When the indefinite layoff of the second shift was announced May 14, the UAW remained virtually silent until May 28, when it posted benefit information for those who would be laid off. Local officials made no efforts to voice opposition to the job cuts. On June 3, after two articles had been published by the World Socialist Web Site exposing the union’s acceptance of the layoffs, Local 1268 President Kevin Logan posted a condescending letter to the Facebook page that outlined the local’s excuses for keeping silent in an effort to tamp down opposition from the rank and file.
“I received a call from the HR Manager ... on May 14,” the letter reads. “... He said the Company was going to send a call-post out by 9:30 a.m., with notification to employees of the shift reduction. It [sic] was also told that the WARN [layoff] letters were going out in the mail that same morning. ... The WARN letters were already typed up prior to anyone in the UAW Local 1268 Leadership getting a chance to discuss it with management, so there could be more accurate information on what needed to be done to determine approximately what seniority would hold the plant…”
The letter goes on to state that the Shop Committee was not able to do any work since the week following Easter because of the temporary layoff and because no one from management was able to meet with them to “discuss the process with the Company to determine a plan moving forward.”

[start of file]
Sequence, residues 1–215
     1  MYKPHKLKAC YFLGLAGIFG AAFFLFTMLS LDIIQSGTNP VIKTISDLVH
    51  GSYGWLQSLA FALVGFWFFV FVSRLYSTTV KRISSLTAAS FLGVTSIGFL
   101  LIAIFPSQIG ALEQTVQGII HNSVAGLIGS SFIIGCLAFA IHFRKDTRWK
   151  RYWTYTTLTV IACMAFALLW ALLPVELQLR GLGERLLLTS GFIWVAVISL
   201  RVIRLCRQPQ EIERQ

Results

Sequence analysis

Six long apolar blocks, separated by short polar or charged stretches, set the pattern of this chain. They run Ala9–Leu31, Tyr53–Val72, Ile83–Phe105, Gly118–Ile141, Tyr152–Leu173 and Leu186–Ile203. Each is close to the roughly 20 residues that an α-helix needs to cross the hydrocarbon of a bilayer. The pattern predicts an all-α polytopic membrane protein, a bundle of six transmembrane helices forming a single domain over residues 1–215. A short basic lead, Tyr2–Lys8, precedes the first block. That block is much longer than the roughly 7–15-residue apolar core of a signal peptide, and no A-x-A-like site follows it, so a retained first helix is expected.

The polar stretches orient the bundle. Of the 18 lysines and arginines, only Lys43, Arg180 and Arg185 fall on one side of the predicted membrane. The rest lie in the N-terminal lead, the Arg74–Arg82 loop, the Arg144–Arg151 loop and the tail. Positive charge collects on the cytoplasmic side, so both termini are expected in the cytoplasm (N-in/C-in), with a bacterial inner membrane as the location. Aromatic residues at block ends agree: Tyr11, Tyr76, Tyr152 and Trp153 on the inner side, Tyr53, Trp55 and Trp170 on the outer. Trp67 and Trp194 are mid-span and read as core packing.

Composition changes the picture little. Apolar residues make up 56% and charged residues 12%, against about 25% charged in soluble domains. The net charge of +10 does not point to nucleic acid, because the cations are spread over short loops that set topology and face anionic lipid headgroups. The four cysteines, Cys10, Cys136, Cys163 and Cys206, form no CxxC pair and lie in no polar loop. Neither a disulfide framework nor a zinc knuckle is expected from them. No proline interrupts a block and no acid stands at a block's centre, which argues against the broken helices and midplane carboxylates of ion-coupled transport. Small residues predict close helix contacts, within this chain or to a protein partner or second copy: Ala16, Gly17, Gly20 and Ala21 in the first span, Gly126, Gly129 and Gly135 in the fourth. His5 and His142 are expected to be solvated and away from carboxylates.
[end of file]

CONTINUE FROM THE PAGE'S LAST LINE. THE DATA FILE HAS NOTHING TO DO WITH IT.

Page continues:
The letter concludes by condescendingly telling workers that “The best way to protect the future of this plant, and the potential return of the 2nd and 3rd shifts, is to continue to build the best vehicle possible.”
In a year in which the two most recent former presidents of the UAW have been sentenced to prison for embezzling dues money and accepting company bribes, the letter is a further exposure of the pro-company allegiance of the UAW. The union is not organizing Belvidere Assembly to halt the layoffs. Instead, adopting the language and tone of management, it is instructing them to work harder or else risk losing their jobs.
Indeed, there is no reason to believe that “continuing to build the best vehicle possible” will do anything to secure the future of the Belvidere Assembly Plant. A recent Detroit News article cited industry group LMC Automotive’s forecast for Belvidere Assembly, which projects that the plant will run under 40 percent of its productive capacity this year due to the layoffs, “below the industry standard to ensure profitability.” LMC reports that the plant was producing at 90 percent capacity in 2018 but dropped to 70 percent in 2019 after then-Fiat Chrysler cut the third shift after the ratification of the four-year national contract.